For me personally it takes me back a bit to what happened surrounding the introduction of the SOPA and ACTA bills. Back then, if you remember, “the whole internet”™ went into an uproar unlike anything ever seen in the technology world. Google went black. Wikipedia went black. Reddit went black. The world pretty much ended according to people who are more than interested in removing any individual rights that may be in the way of the tech industry moving forwards.
Where is the outrage now? Where are the demonstrations now? Where is the political youth opposing this surveillance and promoting a free civilized society based on the rule of law? Unfortunately they are nowhere and here are my thoughts about why:
In the case of the copyright debate the primary reason for the outcry was, just as many colleagues had suspected all along, purely about the filesharing aspect of the privacy debate. None of the true political implications that came along with it. And all the talk about privacy and surveillance state and the likes where smokescreens in order to justify taking away the rights (and by extension the ability to monetize their works) of millions of authors in order to personally not be liable for watching TV series, movies and listening to music without paying for it. Because, in no way would copyright lead to what this article in the guardian talks about and I share a quick quote:
Lavabit has been told that they would face serious criminal sanctions if they publicly discuss what is being done to their company. Thus we get hostage-message-sounding missives like this:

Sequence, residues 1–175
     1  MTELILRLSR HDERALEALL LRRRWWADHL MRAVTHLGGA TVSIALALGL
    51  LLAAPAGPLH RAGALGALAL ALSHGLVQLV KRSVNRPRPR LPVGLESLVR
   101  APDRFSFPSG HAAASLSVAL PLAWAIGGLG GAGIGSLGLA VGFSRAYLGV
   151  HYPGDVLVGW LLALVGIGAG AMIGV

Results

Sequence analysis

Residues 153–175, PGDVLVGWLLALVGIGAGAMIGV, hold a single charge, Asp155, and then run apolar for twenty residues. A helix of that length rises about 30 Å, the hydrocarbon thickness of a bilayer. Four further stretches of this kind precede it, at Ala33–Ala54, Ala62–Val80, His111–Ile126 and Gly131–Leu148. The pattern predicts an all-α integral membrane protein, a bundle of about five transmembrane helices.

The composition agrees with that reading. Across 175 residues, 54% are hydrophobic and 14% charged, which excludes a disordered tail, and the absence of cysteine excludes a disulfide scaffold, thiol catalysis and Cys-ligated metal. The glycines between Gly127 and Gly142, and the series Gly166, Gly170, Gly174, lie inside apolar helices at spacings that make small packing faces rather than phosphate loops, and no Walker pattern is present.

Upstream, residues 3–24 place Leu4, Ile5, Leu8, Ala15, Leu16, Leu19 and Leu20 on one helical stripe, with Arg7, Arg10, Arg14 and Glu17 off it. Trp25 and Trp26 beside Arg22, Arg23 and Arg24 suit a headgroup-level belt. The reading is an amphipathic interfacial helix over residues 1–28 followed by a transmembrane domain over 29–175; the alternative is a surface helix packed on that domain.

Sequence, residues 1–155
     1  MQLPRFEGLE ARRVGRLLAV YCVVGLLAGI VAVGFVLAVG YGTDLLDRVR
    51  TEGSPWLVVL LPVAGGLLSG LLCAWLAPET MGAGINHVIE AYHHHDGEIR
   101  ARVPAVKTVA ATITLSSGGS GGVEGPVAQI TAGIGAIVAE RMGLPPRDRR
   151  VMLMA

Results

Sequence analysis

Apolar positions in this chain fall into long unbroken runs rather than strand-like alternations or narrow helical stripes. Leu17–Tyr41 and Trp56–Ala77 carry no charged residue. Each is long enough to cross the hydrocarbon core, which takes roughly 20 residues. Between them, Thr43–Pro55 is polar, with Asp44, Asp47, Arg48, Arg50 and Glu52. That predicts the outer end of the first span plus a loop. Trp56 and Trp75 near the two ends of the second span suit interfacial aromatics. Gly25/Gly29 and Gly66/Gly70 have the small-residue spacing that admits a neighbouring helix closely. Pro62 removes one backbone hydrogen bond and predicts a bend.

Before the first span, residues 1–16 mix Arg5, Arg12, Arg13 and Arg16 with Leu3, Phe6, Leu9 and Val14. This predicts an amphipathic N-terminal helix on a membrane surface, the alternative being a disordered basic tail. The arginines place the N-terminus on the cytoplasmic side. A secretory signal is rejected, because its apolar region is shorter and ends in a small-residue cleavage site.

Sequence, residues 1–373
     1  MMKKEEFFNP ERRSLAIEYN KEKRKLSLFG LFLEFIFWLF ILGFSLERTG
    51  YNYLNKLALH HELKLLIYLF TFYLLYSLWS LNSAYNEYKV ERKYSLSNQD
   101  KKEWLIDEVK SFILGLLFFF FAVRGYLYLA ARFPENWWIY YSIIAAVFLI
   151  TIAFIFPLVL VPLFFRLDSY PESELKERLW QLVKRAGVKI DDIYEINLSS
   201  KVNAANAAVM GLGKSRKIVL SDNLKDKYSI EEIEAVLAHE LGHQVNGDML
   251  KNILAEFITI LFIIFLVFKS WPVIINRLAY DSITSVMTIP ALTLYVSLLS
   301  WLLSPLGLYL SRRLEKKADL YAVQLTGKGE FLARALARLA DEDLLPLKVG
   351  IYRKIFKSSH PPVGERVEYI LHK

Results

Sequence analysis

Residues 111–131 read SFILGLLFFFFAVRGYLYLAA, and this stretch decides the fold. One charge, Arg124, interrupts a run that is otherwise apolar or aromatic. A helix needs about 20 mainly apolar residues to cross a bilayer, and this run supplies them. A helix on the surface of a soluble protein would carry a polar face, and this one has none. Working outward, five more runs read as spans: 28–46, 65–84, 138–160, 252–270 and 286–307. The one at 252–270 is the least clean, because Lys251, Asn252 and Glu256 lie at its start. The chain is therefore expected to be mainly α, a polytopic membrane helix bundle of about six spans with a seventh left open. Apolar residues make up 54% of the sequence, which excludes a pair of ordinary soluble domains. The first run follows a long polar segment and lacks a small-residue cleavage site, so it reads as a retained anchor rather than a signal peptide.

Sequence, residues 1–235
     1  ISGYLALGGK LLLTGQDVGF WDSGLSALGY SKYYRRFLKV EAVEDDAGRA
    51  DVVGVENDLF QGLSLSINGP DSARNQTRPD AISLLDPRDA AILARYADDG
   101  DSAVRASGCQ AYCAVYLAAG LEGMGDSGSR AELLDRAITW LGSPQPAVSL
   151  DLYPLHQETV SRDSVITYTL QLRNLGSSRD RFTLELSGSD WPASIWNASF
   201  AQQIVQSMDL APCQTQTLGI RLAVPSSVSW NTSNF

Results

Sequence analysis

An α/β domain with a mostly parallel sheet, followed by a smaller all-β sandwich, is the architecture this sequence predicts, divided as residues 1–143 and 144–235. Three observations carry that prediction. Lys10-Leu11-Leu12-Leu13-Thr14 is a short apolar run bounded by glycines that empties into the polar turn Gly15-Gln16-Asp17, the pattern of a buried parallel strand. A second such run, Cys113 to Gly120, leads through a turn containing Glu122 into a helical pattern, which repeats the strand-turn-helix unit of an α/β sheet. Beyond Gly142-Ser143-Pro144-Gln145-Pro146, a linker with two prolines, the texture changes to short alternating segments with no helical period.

I wish that I could legally share with you the events that led to my decision. I cannot. I feel you deserve to know what’s going on – the first amendment is supposed to guarantee me the freedom to speak out in situations like this. Unfortunately, Congress has passed laws that say otherwise. As things currently stand, I cannot share my experiences over the last six weeks, even though I have twice made the appropriate requests.”
I have been of both sides of the copyright debate: when Napster came out I was just starting out in the industry and felt like the industry kept me out by design. I was happy that something “interrupted them” and “put them in their place” and defended it.
But after slowly making my way into the industry and starting to actually understand how the industry works, how the different institutions function (many of whom I still don’t agree with, but that doesn’t warrant taking away their right to exist!!) and what the struggle being a media creator supporting a family really means, but first and foremost: that the only thing I, as a media creator, have to sell is a license, I have felt the attacks of the copyleft movement to be intimately personal, vile and solely aimed at taking away my possibility to monetize my work. And for musicians and composers who don’t see the media industry as a “late teen/early twenties let’s form a band and play some cool parties for our friends” but as a way of making business with each other and who have spent countless hours practicing, studying, throwing away sketches, being unsatisfied with ideas (in short: artists struggle) it’s not quite as possible to just switch gears and work for a consultancy or social media consultancy company.
A lot of us (media creators) went into this field exactly because it is not possible for us or not desirable to live the kind of life where you have to give up a lot of your own personality and convictions in order to actively be popular and appeal to market interests. We’re all forced by market interests, that I understand. But there’s a difference with sticking to what you believe in and relinquishing it in order to “not offend”!
Authors rights have given individuals the freedom to live their dreams, to break away from trodden paths, in essence to be truly free human beings. And that is, at least to me, the ultimate goal and worth fighting for.